Update on the latest in business:


Stocks turn higher

NEW YORK (AP) — Stocks have turned higher in afternoon trading, led by retailers and smaller companies.

The gains came after a report showed strong orders last month for service companies, which make up the bulk of the U.S. economy.


Investors were also keeping a close eye on a new round of trade talks between the U.S. and China.

Dollar Tree rose 5.8 percent after activist investor Starboard value disclosed a stake in the discount retailer and pushed the company to make changes.


Trump, Democrats ramp up pressure as shutdown hits 3rd week

WASHINGTON (AP) — With no weekend breakthrough to end a prolonged partial government shutdown, President Donald Trump is standing firm in his border wall funding demands and newly empowered House Democrats are planning to step up pressure on Trump and Republican lawmakers to reopen the government.

Trump showed no signs of budging on his demand for more than $5 billion for a wall along the U.S.-Mexico border, though on Sunday he did offer to build it with steel rather than concrete, a concession Democrats panned.

With the shutdown lurching into a third week, many Republicans watched nervously from the sidelines as hundreds of thousands of federal workers went without pay and government disruptions hit the lives of ordinary Americans.


China protests over US warship sighting as trade talks start

BEIJING (AP) — Chinese and American officials began talks today aimed at ending a bruising trade battle between the world’s two biggest economies.

Both sides have expressed optimism over the potential for progress in settling their tariff fight over Beijing’s technology ambitions. Yet neither has indicated its stance has changed since a Dec. 1 agreement by Presidents Donald Trump and Xi Jinping to postpone further increases.

Meanwhile, Beijing is complaining over the sighting of a U.S. warship in what it says were Chinese waters. Ministry spokesman Lu Kang said today during a routine briefing that Chinese military aircraft and naval vessels were dispatched to identify the U.S. vessel and warn it to leave the area near disputed islands in the South China Sea.

It’s unclear if the ruckus over the warship might disrupt the working level talks being held at the Chinese Commerce Ministry.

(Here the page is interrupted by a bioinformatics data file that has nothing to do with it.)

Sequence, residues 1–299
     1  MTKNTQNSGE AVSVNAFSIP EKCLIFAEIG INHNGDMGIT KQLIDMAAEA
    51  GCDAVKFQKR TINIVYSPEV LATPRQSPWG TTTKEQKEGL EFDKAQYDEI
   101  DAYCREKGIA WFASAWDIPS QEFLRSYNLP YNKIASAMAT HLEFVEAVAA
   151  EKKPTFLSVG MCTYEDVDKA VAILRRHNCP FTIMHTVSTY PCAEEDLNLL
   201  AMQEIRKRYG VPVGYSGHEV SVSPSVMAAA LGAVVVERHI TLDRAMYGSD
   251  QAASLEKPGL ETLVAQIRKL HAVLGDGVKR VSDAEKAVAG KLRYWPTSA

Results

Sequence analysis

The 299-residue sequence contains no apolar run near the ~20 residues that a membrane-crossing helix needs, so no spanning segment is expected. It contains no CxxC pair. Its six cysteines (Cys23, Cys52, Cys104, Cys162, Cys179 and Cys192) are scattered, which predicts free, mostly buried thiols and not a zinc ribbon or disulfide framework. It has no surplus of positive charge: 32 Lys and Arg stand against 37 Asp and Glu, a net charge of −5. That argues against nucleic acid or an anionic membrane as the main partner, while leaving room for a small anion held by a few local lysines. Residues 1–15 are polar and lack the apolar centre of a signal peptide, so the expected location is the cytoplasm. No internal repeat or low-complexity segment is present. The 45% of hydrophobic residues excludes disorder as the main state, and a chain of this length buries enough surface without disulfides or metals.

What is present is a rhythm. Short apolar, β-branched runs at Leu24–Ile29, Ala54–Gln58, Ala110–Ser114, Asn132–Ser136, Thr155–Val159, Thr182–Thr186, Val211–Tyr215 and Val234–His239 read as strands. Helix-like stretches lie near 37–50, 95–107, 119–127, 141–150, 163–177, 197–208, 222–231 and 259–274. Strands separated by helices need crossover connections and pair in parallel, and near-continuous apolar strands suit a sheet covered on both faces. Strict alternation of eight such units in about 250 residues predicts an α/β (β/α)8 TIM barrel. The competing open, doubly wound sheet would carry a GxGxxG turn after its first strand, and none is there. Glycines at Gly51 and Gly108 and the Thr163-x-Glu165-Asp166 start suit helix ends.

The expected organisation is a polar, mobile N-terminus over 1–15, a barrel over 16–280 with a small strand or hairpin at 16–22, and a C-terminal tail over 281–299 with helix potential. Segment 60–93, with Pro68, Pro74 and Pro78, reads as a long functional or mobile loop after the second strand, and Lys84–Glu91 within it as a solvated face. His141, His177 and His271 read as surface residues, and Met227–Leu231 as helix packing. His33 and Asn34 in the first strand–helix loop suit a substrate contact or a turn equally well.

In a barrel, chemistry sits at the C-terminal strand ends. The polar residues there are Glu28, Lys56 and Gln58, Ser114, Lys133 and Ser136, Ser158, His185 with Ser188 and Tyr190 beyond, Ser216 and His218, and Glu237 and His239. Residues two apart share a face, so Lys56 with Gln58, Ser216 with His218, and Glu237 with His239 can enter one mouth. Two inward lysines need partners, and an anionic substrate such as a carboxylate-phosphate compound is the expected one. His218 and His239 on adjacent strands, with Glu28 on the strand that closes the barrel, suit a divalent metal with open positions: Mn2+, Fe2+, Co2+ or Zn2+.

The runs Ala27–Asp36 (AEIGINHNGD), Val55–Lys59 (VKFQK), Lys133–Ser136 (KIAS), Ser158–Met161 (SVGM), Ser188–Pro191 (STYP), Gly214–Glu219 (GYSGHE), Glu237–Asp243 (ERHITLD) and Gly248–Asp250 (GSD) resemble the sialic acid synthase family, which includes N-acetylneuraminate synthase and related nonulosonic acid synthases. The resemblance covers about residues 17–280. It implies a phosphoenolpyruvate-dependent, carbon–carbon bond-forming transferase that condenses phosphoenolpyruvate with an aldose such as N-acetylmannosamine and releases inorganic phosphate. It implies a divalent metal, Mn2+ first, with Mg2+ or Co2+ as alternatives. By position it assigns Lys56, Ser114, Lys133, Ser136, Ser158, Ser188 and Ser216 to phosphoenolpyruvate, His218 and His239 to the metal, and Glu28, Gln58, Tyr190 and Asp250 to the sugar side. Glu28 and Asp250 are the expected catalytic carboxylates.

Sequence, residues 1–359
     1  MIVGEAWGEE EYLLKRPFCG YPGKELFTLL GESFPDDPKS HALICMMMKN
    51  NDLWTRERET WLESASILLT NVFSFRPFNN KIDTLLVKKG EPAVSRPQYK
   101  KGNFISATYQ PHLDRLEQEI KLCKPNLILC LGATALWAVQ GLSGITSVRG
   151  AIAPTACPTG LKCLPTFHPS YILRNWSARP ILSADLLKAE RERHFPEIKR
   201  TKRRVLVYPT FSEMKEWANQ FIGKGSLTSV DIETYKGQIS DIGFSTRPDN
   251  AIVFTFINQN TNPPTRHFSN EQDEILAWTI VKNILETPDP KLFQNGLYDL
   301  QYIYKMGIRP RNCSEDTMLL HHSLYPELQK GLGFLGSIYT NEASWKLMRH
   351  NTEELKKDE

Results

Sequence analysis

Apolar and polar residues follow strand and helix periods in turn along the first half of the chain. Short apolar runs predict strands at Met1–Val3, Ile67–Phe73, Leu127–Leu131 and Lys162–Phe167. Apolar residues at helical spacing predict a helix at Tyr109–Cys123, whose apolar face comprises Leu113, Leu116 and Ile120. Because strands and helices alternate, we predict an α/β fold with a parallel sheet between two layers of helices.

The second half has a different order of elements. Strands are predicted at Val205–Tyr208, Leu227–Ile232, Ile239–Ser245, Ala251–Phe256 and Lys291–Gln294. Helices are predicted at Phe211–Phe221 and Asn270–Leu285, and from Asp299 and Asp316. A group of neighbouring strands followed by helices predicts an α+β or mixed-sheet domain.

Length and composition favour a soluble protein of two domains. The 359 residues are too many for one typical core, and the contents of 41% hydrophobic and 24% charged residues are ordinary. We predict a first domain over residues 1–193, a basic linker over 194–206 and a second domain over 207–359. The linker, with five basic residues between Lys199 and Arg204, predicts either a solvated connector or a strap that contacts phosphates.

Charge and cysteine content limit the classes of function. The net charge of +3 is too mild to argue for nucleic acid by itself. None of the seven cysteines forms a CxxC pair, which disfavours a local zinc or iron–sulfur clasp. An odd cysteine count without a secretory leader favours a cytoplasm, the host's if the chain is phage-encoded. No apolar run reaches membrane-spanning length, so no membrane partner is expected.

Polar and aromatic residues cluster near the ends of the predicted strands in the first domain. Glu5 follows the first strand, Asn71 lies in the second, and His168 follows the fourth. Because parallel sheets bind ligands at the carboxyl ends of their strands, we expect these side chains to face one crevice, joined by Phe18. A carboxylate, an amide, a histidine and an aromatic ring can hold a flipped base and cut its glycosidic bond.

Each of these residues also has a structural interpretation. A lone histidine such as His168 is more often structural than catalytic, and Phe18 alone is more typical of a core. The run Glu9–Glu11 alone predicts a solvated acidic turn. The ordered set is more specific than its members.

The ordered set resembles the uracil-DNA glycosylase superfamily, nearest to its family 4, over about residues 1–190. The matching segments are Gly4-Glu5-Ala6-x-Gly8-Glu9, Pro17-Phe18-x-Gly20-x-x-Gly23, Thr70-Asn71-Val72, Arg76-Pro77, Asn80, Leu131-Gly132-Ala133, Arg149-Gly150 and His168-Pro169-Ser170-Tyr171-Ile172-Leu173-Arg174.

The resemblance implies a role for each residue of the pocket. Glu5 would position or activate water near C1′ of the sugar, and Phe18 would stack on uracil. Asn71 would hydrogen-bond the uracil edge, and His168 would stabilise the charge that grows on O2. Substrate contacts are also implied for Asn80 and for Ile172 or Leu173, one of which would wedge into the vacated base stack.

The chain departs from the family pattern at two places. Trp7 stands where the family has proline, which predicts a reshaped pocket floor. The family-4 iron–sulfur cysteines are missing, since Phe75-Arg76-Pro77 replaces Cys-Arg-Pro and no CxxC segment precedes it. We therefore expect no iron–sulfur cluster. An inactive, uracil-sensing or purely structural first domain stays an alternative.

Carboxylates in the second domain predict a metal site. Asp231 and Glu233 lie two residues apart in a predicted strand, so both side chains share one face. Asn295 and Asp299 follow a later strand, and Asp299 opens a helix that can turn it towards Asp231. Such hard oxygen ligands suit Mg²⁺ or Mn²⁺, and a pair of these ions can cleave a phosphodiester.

US service firms grew at slower pace in December

WASHINGTON (AP) — U.S. service firms grew at a slower pace in December, a possible indication that various headwinds from turbulent markets to trade tensions could be having an impact on economic activity.

The Institute for Supply Management, which is composed of purchasing managers, says that its service index fell to 57.6 percent last month, down from a November reading of 60.7 percent.

Any reading above 50 signals growth. So even with the December decline, the index shows that service industries, where most Americans work, has been expanding for 107 consecutive months.

The weaker reading on the service economy followed a report last week that the ISM index for manufacturing slowed to the slowest pace in more than two years, with some manufacturers complaining about the impact of President Donald Trump’s trade policies.


World Bank president to resign

WASHINGTON (AP) — Jim Yong Kim, the president of the World Bank, says he is resigning at the end of January.

Kim’s unexpected departure nearly three years before his term was set to expire, is likely to set off a fierce battle between the Trump administration and other countries who have complained about the influence the United States exerts over the World Bank.

The 189-nation World Bank is the largest government source for development funding, providing low-cost loans for projects around the world.

Kim, who served as World Bank president for more than six years, says he plans to join a firm that will focus on increasing infrastructure investments in developing countries.

The World Bank says he will be succeeded Feb. 1 on an interim basis by Cristalina Georgieva, its chief executive officer.


UK citizens in Netherlands worry about Brexit

LONDON (AP) — The Dutch government says Britons living in the Netherlands are deeply concerned about the consequences of their home country’s impending departure from the European Union.